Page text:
Playing Hardball With Software

Custom hardware can cut software development time and improve overall system performance.

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By Frank Ferro
Software is never-ending, or so the axiom goes. It shouldn’t take long to convince anyone that has used an electronic device of the truth of this statement. The PC environment is the most obvious (and obnoxious) example with daily application software updates, at the most inconvenient times, coupled with regularly scheduled updates for the OS. Even embedded devices like media players and cell phones need periodic updates.

As a former product manager responsible for delivering WLAN chipsets, one of the biggest challenges we had was delivering software drivers. Even when the hardware was finished, we would have to do frequent driver releases. Bugs were not the only reasons for new releases. Driver releases were also needed to accommodate all the permutations of operating systems, chips sets and customer applications. If someone had said me at that time that a change in the hardware could reduce the driver effort by even a small percentage, I would have paid very close attention.

Improving software efficiency is even more important in today’s competitive SoC market where performance, cost and TTM are critical to achieve success. The ability to reuse software, however, is often at odds with the rapid expansion of the hardware. Hardware teams rightfully leverage new process technologies, adding as much functionality into the chip as possible. The expansion of the hardware is often done with little or no regard to how it will impact existing software.

So the question becomes: Is it time for a new SoC model? It may seem counter-intuitive to think custom hardware can make software portable. Yet this is exactly what needs to be done to maximize system performance, and at the same time, reduce the burden on the software team.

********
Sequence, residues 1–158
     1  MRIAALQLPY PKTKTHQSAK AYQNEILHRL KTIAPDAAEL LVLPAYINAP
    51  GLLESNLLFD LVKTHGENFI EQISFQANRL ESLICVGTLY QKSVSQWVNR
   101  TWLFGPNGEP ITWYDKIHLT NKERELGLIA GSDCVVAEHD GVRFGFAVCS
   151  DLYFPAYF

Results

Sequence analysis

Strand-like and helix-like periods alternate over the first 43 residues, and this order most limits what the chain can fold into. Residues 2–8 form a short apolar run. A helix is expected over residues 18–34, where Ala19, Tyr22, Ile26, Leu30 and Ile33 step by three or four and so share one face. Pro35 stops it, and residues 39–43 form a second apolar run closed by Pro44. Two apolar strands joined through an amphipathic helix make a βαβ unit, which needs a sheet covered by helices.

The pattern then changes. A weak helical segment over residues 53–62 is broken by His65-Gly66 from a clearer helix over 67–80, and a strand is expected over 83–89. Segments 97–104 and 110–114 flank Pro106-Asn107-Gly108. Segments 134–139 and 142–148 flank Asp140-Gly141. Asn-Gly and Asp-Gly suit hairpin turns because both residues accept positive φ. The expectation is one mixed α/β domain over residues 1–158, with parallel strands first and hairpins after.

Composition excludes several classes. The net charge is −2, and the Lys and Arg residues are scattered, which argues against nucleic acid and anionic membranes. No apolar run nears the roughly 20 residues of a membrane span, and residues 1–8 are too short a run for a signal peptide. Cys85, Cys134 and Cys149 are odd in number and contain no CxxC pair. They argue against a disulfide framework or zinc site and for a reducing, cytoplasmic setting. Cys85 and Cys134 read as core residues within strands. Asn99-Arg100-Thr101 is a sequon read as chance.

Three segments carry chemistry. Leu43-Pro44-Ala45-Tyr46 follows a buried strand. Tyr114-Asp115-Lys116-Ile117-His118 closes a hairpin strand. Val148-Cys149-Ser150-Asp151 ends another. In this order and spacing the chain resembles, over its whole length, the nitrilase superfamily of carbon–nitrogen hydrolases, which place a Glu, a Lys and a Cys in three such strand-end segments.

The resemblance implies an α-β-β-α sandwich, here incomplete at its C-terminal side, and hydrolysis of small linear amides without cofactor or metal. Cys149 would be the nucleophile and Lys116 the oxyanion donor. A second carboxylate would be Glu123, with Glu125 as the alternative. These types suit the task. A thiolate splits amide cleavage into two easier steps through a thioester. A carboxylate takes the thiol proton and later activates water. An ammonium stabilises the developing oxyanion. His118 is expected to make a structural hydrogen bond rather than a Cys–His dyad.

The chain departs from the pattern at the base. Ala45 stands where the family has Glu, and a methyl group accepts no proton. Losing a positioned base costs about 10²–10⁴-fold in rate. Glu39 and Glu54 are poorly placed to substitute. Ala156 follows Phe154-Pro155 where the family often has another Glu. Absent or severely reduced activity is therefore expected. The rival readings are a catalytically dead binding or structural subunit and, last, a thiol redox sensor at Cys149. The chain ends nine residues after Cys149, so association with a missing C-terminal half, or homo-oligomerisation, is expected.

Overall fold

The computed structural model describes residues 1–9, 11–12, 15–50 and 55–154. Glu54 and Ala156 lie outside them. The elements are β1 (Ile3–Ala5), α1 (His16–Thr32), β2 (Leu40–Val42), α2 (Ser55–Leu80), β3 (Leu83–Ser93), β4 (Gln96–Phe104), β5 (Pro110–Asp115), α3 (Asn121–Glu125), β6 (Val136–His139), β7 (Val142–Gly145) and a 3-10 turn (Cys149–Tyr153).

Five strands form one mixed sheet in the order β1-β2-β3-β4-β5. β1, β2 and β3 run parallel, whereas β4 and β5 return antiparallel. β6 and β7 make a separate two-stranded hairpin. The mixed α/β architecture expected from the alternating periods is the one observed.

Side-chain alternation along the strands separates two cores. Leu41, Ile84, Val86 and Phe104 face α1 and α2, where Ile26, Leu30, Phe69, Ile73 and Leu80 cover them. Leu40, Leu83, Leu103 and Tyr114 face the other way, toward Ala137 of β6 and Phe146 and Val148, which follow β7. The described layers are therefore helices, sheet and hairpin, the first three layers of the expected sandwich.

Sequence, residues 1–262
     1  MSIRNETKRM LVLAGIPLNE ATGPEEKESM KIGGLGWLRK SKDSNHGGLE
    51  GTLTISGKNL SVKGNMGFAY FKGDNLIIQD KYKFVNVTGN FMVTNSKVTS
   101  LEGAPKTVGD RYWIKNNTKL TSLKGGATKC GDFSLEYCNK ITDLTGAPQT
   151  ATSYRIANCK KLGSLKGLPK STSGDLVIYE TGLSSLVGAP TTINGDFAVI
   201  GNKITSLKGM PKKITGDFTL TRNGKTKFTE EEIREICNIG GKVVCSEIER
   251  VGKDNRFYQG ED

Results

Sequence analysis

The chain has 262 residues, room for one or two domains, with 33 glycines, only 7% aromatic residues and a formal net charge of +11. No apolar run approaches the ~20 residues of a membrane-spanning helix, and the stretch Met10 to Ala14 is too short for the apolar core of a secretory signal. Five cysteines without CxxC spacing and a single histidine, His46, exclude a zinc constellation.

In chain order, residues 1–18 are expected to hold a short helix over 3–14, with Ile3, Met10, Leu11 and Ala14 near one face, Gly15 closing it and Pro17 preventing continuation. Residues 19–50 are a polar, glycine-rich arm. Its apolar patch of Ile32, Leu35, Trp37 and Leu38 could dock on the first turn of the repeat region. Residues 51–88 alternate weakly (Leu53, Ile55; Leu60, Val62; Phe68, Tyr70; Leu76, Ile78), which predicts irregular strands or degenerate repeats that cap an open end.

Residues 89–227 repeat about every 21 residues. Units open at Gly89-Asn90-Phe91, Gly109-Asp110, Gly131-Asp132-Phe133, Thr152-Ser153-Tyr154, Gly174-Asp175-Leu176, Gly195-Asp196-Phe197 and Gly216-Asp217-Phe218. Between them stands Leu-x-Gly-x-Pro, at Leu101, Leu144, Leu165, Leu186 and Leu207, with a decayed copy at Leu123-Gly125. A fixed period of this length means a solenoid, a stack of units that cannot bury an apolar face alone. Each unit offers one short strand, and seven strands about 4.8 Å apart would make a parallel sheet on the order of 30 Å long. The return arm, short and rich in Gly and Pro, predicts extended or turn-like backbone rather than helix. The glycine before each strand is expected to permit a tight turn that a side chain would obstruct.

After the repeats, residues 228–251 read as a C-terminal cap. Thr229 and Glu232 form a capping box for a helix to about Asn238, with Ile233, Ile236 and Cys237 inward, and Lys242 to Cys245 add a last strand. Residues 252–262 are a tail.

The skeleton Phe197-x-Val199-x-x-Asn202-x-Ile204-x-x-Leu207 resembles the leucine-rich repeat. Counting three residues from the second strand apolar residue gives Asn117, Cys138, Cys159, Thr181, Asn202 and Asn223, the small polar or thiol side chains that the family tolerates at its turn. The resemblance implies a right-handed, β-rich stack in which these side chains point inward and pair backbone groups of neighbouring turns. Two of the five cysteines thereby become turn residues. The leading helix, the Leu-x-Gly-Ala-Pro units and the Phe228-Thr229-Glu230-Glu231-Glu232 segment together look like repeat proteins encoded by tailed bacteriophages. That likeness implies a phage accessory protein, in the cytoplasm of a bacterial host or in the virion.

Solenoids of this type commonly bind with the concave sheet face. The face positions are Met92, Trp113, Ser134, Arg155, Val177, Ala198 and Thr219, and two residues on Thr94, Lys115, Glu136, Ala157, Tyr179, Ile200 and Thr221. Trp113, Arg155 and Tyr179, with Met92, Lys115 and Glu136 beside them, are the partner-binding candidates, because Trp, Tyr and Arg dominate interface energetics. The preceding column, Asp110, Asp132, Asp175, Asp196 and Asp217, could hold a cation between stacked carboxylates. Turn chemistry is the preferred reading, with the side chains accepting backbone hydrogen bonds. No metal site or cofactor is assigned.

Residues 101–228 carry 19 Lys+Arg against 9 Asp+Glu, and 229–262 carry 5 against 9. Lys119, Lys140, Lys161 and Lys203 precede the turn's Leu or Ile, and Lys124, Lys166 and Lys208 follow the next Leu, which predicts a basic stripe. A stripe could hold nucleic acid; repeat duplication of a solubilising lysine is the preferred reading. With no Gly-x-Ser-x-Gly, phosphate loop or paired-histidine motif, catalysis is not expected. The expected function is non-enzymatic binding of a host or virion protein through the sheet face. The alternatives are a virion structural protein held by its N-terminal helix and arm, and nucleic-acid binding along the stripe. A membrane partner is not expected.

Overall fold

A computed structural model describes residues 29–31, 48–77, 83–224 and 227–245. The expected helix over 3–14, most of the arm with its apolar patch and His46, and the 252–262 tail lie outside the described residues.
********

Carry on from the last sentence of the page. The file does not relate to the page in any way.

Let’s look at a video SoC architecture to illustrate this concept. Hardware designers often separate the DRAM into two or more channels to maximize the overall system performance and DRAM access efficiency. To do this, one set of hardware processors will access one channel of DRAM while another set of processors access the second DRAM bank. This ensures that the traffic load in the system is balanced over the DRAM banks. The problem for the software team starts when a change is made to the chip, either by adding another bank of DRAM or more processors, or both. The previously written software will no longer work on the new chip because the system has been re-partitioned to accommodate the new processors, along with the repartitioning of the memory banks.

Taking a slightly different approach to the SoC architecture could have avoided this problem. If dedicated memory “load-balancing” hardware was added to the on-chip network of the SoC, the overall system performance could have been maintained while allowing software portability. With the on-chip network load-balancing the traffic flowing to memory, there is no longer a need for the hardware team to partition specific processors to dedicated banks of DRAM. Since traffic balancing is now done automatically, any processor in the system can access any bank of memory. The load-balancing hardware has the effect of making the memory access “virtual” relative to the software. In this case, the hardware actually makes the software portable!

With software resources accounting for an increasingly larger percentage of the overall chip cost (which chip companies rarely, if ever, get paid for), this approach to SoC design offers the benefit of abstracting the software from the hardware without losing control of the hardware. The concept in the above example is not only applicable to memory access, but a similar concept can be applied to power management (see my last blog), security and other critical system functions.

As more and more hardware blocks are modified to be “virtual,” then the reduction in software effort will be significant—resulting in improved SoC system performance—critical to success in today’s competitive SoC market. The statement “software is never-ending” is likely to remain true, but with some forethought in the overall system architecture, great strides can be made to improve software efficiency and reduce cost.

–Frank Ferro is director of marketing at Sonics.